Ways Zags Can Help Fight Racism

people standing together with candles

November 10, 2020

1. Learn, learn, learn.

Stretch your thinking, challenge your understanding.
Find a list of resources – books, articles, podcasts and movies – here
Explore more about GU programs at gonzaga.edu/diversity

a stack of books about racism and white fragility

2. Represent the cause with a Zags for Black Lives Matter t-shirt.

They’re only $2! Purchase via cashnet (may require Gonzaga account).

3. Take the Anti-Racism Pledge.

Even if you can't purchase the t-shirt, you can still join others pledging to do these things within the school year: 

  1. Attend a Diversity and Inclusion related event.
  2. Donate to a nonprofit or charity that supports the BIPOC (Black, Indigenous, People of Color) community. (We've provided two options below!)
  3. Engage in a conversation related to social justice that makes you uncomfortable. 
  4. Post on social media wearing a Black Lives Matter shirt with a positive call to action.

4. Know how to report an act of hate or bias witnessed or experienced in the Gonzaga community.

This applies to experiences in digital communications as well as physical settings.
See the form here. 

5. Invest in a student of color with a scholarship donation. 

The Bob Bartlett Appreciation Endowed Scholarship is for first-generation students, with preference given to African Americans. 

6. Give to one of many student cultural clubs. 

These groups provide invaluable support to Black, Indigenous and People of Color (BIPOC) communities. 
Student Clubs


pledge cards with notes of support

Learn About Being an Ally

Ask Yourself: What do I need to stop doing (that may perpetuate bias)? What should I start doing (that is more inclusive)? What is something I should continue to do (to support others better)?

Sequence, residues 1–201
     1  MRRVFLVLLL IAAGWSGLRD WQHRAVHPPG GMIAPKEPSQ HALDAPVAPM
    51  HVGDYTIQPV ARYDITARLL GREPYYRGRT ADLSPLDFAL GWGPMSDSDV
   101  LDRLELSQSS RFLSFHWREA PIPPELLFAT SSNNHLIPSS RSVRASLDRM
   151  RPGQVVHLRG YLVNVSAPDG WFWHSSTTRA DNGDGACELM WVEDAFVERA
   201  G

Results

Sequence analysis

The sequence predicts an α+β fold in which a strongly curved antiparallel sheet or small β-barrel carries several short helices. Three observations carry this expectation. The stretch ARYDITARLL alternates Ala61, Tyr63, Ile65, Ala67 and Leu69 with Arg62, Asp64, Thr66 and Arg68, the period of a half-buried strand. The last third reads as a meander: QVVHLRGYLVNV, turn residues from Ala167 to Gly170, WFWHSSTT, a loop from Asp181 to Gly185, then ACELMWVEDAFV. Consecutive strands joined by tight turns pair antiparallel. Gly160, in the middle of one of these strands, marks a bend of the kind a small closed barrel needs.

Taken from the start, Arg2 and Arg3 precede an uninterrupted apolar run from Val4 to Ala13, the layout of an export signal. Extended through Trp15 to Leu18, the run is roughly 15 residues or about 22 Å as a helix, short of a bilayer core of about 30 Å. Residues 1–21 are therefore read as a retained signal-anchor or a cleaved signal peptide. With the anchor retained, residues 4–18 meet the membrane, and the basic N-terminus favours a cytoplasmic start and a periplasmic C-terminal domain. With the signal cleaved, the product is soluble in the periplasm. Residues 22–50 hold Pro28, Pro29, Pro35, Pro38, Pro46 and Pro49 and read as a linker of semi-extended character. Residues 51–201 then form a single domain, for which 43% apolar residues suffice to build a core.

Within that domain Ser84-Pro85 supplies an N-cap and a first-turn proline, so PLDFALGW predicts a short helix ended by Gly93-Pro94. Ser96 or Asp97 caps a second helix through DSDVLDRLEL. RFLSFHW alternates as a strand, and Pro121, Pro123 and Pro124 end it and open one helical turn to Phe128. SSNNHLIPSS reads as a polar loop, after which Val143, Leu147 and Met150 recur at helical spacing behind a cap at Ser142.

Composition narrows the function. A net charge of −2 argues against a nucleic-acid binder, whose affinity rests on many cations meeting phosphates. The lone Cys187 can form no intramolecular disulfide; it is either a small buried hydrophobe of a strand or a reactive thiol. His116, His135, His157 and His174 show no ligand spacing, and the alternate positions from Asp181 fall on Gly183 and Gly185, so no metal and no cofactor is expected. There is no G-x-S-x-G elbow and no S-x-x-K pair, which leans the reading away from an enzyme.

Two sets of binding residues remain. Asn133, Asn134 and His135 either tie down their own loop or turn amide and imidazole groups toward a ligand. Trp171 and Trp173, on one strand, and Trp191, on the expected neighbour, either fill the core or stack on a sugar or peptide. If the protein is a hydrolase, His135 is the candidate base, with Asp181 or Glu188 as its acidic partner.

Know the terminology: What is BIPOC? Why is it important to change “underrepresented minority”

Reflect on this analogy from Ijeoma Oluo, Author of “So You Want to Talk About Race” 

You can't just read a book on racism and think that you are actually doing something. You have to learn and do at the same time. Imagine waking up and realizing that every other house on your block has been on fire and you hadn't noticed until now. You don't look at the fire and say “Geez. I need to go study the history of fire.” You go to the people frantically trying to put the fire out, and you ask, “How can I help?” You listen to the people who know what they are doing, then you get to work.You learn as you go.You don't debate the nature of fire.You don't ask people if they could yell "FIRE" a little more quietly. You focus on the fire. You try to put the fire out if that's where the experts say you need to go.You help those whose homes have already burned down if that's where the experts say you need to go.You listen when experts say that you need to stop doing things that are making the fire worse and don't instead argue that you can't have made it worse because you've always said that you are anti-fire.You don't pray the fire goes away instead of grabbing a fire house.You don't take a break from the fire and hope that it will put itself out while you take a nap. You focus on the fire.” 


Fighting racism is always important. 

But for context on why some of these efforts are especially important to the Gonzaga community at this specific moment, please see President McCulloh's message from Nov. 8, 2020

Stay updated on the investigation of the hate attack and Gonzaga's efforts to address student needs at BSU Incident Response